Let’s start with some SSI basics 📝
SSI means Self-Sovereign Identity, an identity model where the user is in total control of his digital identity. The user will hold the digital documents of his identity, will control to which actors he will share those documents, and also have the ability to revoke the use of those documents, all of this along with activity history.
The very center of the digital identity is your documents: from your National ID or Passport to your degrees, mobile phone number, bank account number, or your medical records. Anything that is intrinsically bound to you is your data and therefore your identity. While talking about SSI these are called Verifiable Credentials (VC).
The idea behind SSI is that the user is the center of his identity and he controls it, no more distributed information you give and cannot control.
“Anything that is intrinsically bound to you is your data and therefore your identity. While talking about SSI these are called Verifiable Credentials (VC).”
The Wallet 💳
These VCs have to be stored somewhere. That place is your wallet, your digital wallet. Nowadays we are quite used to having a digital wallet on our smartphone: credit cards, fidelity and discount cards, etc. Your VCs may have lived there but the built-in wallets in the smartphones nowadays lack some crucial capabilities, mostly related to security and auditing.
So a new generation of wallets is needed for handling your digital identity; the market has a few examples of them. Take note that the smartphone is not the only kind of wallet, a cloud one is also feasible.
The basic operations with a wallet are receiving credentials from an Issuer, storing them in your wallet, and presenting those credentials to a Relying Party for accessing some kind of service.
Security and Privacy ⚔️
Underlying to this there are some infrastructure requirements. Obviously, there’s a need of checking that the Issuer of a Verifiable Credential is valid and the credential has not been forged. That can be done with a database, Blockchain smart contracts, or other systems as long as it covers the needs and it warrants security and fidelity. Using blockchain solutions is one of the most demanded nowadays.
👉 BlockChain explained for dummies
The other big pillar is privacy, that’s why the VCs always go peer to peer, the issuer sends them directly to the user and he will share it directly with the relaying party never using a centralized system.
Late Binding vs Early Binding
While we know that the VCs are now part of our identity there’s a question behind it. How does our wallet asset that we are what the documents say? It’s a tricky question because the hard-core SSI solutions do not solve it. You are given the VCs on the basis you use other identification systems to prove your identity.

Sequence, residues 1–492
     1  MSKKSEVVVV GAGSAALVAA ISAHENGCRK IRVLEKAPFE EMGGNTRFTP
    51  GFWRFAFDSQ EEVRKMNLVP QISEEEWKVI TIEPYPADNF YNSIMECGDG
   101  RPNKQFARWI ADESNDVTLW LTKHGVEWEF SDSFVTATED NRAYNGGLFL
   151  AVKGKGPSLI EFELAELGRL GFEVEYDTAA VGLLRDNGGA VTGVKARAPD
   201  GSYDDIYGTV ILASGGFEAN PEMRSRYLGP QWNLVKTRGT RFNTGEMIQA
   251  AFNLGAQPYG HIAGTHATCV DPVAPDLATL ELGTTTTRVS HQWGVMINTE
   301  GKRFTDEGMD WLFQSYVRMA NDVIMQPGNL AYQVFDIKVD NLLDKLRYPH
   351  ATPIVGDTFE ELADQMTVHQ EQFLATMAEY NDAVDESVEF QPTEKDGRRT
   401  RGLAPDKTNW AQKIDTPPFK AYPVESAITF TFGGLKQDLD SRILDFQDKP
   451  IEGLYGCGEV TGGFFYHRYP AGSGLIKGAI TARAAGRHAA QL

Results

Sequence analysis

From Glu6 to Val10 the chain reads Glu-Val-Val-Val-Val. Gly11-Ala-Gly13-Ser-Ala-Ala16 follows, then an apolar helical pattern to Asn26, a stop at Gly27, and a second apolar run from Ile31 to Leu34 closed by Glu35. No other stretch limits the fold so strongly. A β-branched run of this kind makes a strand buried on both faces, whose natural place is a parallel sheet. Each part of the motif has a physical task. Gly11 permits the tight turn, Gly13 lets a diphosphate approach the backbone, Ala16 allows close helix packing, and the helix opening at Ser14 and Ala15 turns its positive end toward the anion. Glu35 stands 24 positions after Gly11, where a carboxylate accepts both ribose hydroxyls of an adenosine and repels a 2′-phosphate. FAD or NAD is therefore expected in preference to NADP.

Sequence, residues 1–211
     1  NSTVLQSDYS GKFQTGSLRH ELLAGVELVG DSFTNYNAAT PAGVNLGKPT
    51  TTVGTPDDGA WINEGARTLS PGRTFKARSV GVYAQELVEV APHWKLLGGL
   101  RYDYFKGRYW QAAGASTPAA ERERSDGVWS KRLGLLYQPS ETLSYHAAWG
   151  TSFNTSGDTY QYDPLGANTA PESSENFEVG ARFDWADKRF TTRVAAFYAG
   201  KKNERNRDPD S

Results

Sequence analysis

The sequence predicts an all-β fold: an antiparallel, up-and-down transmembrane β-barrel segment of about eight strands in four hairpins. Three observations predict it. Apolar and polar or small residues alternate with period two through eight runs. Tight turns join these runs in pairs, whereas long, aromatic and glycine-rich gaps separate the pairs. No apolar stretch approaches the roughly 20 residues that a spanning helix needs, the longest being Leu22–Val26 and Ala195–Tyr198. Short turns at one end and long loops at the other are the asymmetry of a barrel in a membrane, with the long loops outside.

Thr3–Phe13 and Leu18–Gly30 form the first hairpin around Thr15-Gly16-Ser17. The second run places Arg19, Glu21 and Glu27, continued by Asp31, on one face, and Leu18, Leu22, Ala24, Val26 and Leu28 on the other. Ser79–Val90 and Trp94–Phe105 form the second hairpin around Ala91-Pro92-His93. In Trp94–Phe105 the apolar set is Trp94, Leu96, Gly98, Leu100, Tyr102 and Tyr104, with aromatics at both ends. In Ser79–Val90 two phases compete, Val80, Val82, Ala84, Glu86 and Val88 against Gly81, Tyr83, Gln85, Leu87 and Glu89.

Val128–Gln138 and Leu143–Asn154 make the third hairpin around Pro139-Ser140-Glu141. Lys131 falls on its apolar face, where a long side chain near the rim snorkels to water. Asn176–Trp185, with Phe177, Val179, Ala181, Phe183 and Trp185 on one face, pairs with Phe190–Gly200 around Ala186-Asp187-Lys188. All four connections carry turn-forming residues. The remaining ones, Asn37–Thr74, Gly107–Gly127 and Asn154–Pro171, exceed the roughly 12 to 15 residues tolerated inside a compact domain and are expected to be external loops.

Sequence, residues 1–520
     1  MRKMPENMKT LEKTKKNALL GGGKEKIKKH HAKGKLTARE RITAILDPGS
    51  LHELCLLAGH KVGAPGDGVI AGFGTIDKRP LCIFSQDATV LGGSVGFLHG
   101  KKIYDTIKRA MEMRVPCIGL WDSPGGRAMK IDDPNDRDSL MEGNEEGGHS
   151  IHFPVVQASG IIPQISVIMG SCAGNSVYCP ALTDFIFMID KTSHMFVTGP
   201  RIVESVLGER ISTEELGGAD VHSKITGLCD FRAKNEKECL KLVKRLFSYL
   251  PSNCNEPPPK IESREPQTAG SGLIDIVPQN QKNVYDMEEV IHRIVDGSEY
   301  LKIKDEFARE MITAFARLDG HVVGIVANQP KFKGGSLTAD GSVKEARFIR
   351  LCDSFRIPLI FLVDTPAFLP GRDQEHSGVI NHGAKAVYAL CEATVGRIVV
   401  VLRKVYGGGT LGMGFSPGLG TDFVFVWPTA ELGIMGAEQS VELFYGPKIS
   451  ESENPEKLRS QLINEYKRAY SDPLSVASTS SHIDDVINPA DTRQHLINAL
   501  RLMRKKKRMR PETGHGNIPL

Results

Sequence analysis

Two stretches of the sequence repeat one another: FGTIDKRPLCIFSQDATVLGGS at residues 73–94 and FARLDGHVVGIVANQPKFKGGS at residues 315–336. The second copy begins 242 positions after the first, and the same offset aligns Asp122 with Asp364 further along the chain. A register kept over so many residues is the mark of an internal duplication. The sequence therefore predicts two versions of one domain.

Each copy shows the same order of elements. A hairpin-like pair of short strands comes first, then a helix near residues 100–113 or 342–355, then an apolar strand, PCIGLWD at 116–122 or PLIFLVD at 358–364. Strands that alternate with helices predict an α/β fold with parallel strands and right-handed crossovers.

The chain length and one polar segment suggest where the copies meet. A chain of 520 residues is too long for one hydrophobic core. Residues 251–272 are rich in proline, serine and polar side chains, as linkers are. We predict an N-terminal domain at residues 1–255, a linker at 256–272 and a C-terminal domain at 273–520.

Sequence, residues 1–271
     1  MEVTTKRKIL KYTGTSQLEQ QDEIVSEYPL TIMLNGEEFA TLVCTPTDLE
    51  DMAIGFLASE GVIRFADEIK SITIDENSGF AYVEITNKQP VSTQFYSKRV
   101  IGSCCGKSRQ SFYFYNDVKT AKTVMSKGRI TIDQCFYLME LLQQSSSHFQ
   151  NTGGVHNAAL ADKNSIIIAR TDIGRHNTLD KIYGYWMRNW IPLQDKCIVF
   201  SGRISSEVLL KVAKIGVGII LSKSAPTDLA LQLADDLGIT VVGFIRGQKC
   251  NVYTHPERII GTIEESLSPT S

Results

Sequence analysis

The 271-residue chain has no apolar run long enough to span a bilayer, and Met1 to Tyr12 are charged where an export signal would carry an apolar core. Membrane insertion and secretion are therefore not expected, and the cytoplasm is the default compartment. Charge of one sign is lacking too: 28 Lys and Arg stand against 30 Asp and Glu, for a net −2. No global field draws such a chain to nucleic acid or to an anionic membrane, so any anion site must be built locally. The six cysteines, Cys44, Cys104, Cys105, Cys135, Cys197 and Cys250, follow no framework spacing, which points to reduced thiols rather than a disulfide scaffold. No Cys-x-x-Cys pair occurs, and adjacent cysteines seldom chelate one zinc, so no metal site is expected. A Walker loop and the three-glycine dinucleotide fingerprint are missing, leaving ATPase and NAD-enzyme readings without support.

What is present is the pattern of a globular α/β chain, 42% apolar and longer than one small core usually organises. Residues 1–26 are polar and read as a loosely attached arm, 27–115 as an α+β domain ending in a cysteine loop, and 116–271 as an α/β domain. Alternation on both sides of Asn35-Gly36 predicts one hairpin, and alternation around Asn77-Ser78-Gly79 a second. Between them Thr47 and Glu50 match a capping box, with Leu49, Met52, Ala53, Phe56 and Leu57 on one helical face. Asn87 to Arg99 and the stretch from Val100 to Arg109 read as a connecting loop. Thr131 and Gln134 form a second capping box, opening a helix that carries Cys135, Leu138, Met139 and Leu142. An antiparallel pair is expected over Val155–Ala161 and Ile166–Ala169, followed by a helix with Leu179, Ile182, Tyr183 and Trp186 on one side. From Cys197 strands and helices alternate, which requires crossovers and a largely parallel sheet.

👀 Let’s see an example: I create an empty wallet, then connect to my bank using a legacy system, like National ID + password. I can use that because I’ve been previously in a branch and the clerk has properly identified me with my National ID and I’ve been given access using a password.
Later I can use that National ID + password access to request to my bank an account ownership certification, for example. So my wallet has some kind of internal identification + a VC of account ownership certification. I can iterate that with some different providers.
The missing key question is: Will I ever have a VC binding my wallet to my National ID, therefore the VC becoming a legal ID? This can only happen if an official agency checks my ID and gives me the appropriate VC. This is known as late binding because your identity is built up with information collected after the wallet creation.
The alternative is called Early Binding. Just after your wallet creation and prior to its use there’s an official check on your identity and the wallet is associated with you. This is the model proposed by the European Digital Identity Wallet.
Both options have their benefits and drawbacks, it is the user who has the final word on what he wants based on what is required from him and the benefits associated.
So, gathering all these features together we got the seeds of the SSI / digital identity. Then it will be up to the market, the service providers, and of course the users to take advantage of its features and work towards SSI and the very closely related Web3.0.
Bonus: As a side reading you can have a look at this post that has some details of the wannabe digital identity of miDGT app and an example of using Digital Identity.